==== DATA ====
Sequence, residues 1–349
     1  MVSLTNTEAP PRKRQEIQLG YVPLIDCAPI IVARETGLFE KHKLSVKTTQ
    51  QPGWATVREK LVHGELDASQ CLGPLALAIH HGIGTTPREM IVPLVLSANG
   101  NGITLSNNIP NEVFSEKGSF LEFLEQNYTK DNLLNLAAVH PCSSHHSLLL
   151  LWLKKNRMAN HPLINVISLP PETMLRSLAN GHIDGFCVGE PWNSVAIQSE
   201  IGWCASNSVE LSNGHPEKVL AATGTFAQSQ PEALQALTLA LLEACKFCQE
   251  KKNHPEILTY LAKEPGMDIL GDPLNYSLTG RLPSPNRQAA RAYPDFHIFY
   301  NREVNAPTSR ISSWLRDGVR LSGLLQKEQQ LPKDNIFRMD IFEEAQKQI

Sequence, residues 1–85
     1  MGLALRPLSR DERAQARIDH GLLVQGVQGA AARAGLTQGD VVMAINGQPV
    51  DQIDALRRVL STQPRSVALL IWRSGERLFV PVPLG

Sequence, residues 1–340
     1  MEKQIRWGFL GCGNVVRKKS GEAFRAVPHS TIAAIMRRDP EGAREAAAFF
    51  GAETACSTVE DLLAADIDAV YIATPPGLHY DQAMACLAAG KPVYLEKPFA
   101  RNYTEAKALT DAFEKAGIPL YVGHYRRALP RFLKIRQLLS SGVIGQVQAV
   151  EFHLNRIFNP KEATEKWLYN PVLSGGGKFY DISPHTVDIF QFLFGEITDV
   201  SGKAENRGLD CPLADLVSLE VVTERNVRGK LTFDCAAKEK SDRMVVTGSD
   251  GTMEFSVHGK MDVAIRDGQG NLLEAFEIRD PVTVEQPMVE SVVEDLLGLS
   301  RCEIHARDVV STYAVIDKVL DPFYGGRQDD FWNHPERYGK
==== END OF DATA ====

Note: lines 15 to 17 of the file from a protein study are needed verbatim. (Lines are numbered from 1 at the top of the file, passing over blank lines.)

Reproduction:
   101  RNYTEAKALT DAFEKAGIPL YVGHYRRALP RFLKIRQLLS SGVIGQVQAV
   151  EFHLNRIFNP KEATEKWLYN PVLSGGGKFY DISPHTVDIF QFLFGEITDV
   201  SGKAENRGLD CPLADLVSLE VVTERNVRGK LTFDCAAKEK SDRMVVTGSD